We ended our vacation in style with a sunset cruise on the Liberty Clipper, a 125 ft sailboat, part of the Liberty Fleet of Tall Ships. It was a memorable evening, which included hearing the USS Constitution, “Old Ironsides,” firing her cannons at sundown.
Category Archives: Boston
We spent a couple of hours Sunday afternoon people watching at Faneuil Hall in downtown Boston. The streets and squares were filled with street artists and performers–Spider-man, dancers and acrobats, jugglers, musicians, and mimes. The most entertaining was Bob the balancing juggler and Dick’s Last Resort, a restaurant that specialized in loud, obnoxious waiters and putting dunce hats on guests. Truly a memorable experience.
Jon, Carol, and I spent a cold New Years Eve Day in Boston. You know it is a cold day when the ice sculptures are not melting! We walked part of the Freedom Trail and saw the rest from the warm confines of a tour bus. To our dismay, many of the historical sites (churches, USS Constitution, etc.) were closed for the holiday or on winter hours. But we enjoyed our day there.
Sunday afternoon Carol and I ventured into Boston to visit the Dead Sea Scrolls exhibit at the Museum of Science. It was fascinating to see biblical history come alive. I found myself thinking through parts of the Old Testament Walk Thru during portions of the presentation. Great afternoon. I was able to take a few pictures. Unfortunately, the most interesting part, the scrolls themselves, is in a section where no photography is allowed.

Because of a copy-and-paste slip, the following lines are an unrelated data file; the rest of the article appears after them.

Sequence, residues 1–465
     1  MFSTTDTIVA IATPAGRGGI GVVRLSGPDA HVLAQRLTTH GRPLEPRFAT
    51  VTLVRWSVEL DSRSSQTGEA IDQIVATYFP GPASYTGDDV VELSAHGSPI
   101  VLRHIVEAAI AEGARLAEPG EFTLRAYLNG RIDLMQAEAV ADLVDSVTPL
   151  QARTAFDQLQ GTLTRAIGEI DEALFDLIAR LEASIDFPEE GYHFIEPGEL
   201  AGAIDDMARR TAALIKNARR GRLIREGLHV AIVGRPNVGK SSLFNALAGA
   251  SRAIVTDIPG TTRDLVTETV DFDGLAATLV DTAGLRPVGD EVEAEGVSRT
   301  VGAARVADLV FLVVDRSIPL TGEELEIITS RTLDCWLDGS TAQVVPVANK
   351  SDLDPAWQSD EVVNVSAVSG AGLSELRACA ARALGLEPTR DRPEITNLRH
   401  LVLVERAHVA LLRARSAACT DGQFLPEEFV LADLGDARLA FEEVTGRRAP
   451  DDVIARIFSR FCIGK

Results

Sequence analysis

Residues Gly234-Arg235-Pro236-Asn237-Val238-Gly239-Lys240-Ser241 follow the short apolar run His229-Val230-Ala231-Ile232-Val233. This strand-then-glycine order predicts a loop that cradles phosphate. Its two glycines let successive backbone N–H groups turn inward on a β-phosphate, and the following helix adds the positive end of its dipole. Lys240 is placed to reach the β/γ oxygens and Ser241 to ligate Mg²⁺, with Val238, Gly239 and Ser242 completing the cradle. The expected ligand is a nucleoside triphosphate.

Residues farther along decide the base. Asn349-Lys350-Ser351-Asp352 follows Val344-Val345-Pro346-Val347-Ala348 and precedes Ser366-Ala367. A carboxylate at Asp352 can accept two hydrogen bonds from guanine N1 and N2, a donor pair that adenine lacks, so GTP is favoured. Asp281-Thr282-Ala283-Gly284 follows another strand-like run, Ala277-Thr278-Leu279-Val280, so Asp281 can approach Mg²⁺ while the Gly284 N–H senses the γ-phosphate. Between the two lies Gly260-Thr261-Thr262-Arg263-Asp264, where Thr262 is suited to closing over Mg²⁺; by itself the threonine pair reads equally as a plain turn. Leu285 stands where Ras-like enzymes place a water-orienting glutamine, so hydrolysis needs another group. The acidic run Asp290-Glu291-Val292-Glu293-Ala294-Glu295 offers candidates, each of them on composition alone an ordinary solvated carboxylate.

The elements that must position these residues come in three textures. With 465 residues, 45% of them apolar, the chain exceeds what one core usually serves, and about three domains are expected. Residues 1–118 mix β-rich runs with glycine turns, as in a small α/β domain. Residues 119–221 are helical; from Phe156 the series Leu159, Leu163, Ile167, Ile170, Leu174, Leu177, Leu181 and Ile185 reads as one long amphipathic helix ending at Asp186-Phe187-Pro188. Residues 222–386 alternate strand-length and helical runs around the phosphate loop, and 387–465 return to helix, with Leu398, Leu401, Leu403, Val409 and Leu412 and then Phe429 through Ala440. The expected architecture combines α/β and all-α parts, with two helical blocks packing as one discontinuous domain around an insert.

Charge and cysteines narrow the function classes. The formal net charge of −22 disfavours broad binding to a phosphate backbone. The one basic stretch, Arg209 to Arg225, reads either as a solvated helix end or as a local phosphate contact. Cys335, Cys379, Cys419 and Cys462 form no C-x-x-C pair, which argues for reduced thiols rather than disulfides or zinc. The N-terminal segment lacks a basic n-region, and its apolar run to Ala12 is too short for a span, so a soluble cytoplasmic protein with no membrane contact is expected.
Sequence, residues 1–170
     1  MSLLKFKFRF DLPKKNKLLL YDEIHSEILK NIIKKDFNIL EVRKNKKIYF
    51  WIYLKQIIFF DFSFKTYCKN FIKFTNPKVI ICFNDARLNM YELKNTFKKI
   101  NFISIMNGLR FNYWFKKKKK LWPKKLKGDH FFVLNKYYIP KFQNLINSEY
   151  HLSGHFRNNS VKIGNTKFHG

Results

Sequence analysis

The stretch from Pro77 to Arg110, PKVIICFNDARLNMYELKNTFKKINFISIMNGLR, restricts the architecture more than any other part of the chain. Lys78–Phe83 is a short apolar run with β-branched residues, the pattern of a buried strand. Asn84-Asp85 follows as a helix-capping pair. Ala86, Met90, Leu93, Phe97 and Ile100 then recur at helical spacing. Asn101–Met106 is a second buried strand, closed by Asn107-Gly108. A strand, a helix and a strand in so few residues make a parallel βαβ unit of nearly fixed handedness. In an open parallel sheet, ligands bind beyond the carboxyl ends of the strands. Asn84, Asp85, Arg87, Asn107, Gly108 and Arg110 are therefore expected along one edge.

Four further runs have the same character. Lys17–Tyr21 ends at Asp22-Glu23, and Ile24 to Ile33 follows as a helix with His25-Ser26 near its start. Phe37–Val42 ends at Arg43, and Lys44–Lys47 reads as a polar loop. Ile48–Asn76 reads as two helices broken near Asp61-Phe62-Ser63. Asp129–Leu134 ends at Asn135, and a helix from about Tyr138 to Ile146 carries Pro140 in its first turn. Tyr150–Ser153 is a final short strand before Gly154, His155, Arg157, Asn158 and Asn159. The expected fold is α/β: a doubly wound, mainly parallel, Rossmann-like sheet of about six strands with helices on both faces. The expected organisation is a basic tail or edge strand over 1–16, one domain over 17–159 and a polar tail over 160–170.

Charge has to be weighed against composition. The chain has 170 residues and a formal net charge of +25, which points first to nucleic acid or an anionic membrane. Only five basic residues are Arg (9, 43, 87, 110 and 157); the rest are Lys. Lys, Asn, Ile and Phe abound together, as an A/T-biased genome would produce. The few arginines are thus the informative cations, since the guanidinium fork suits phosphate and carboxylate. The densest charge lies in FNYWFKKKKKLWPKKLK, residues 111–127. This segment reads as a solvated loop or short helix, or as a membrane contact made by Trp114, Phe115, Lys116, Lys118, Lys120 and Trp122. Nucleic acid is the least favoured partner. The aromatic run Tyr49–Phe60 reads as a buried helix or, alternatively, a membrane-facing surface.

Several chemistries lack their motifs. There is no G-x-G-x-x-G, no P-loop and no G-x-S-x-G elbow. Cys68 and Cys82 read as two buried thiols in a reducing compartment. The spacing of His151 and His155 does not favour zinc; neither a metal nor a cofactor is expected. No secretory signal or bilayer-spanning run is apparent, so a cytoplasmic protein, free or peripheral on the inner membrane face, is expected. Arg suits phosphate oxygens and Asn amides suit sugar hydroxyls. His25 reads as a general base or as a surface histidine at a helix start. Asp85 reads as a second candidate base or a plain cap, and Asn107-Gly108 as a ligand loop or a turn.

I found one thing highly ironic–towards the end of the exhibit is a place called, “The Ten Words” (The Ten Commandments). You can push a button (1-10) and that commandment will be displayed on the screen while a voice reads the words. At the same time that the commandment, “Thou shalt have no other gods before me” is being spoken, one person’s cell phone rings (cell phones were to be silenced at the beginning of the exhibit), the person answered and carried on a conversation in front of the display. Hmmm.
Today’s Boston Globe contains an op-ed piece entitled, “Marathon attack removes shield from sporting events.” As the author points out, sports used to be a place where you could retreat from the harsh realities of daily life. After Monday’s bombing, however, sports and reality are now one and the same.
There is an inside-journalism quip at the Globe that those in Sports work in the Toy Department of journalism. We’re rarely confronted with the kinds of grave circumstances, grisly scenes, and weighty issues that our news counterparts are forced to wade into. Sports is largely about trivia (Who was the last athlete to do this or that?) and in the grand scheme of existence trivial.
What we were reminded of on Patriots Day is that there is no Toy Department in life. There is no toy chest in an open, democratic society that you can bury your head into. The sporting world and the real world are not alternate realities. They are not parallel universes. They’re intertwined.
That’s why this was a particularly insidious attack because it was conducted on more than a world-class event in a world-class city, but on an idea. The idea that sports provide a safe haven, a distraction, a timeout from the unspeakable horrors and intractable troubles of the real world. . . . Sports are supposed to serve as an escape from the worries, wars, and raging conflicts of the real world, a sort of societal sanctuary.
As the author points out, all of us long for security, a safe haven. We want to be shielded from the enemies that seek to hurt us. Sports used to provide that sanctuary, but no longer. That source of security is now insecure itself.